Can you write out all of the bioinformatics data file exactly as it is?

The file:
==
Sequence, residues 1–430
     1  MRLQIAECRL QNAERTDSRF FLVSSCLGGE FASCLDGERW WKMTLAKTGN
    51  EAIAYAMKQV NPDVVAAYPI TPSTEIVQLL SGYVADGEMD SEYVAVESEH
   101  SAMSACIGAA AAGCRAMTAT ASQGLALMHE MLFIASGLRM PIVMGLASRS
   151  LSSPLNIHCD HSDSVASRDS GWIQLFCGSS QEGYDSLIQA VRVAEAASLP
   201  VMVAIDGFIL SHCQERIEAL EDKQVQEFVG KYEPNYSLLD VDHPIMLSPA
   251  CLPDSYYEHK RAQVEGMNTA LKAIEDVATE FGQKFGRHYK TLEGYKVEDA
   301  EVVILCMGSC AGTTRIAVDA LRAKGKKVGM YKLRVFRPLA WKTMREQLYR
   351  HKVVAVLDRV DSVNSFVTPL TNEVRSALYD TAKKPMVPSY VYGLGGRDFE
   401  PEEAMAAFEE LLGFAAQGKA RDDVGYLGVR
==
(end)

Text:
Sequence, residues 1–430
     1  MRLQIAECRL QNAERTDSRF FLVSSCLGGE FASCLDGERW WKMTLAKTGN
    51  EAIAYAMKQV NPDVVAAYPI TPSTEIVQLL SGYVADGEMD SEYVAVESEH
   101  SAMSACIGAA AAGCRAMTAT ASQGLALMHE MLFIASGLRM PIVMGLASRS
   151  LSSPLNIHCD HSDSVASRDS GWIQLFCGSS QEGYDSLIQA VRVAEAASLP
   201  VMVAIDGFIL SHCQERIEAL EDKQVQEFVG KYEPNYSLLD VDHPIMLSPA
   251  CLPDSYYEHK RAQVEGMNTA LKAIEDVATE FGQKFGRHYK TLEGYKVEDA
   301  EVVILCMGSC AGTTRIAVDA LRAKGKKVGM YKLRVFRPLA WKTMREQLYR
   351  HKVVAVLDRV DSVNSFVTPL TNEVRSALYD TAKKPMVPSY VYGLGGRDFE
   401  PEEAMAAFEE LLGFAAQGKA RDDVGYLGVR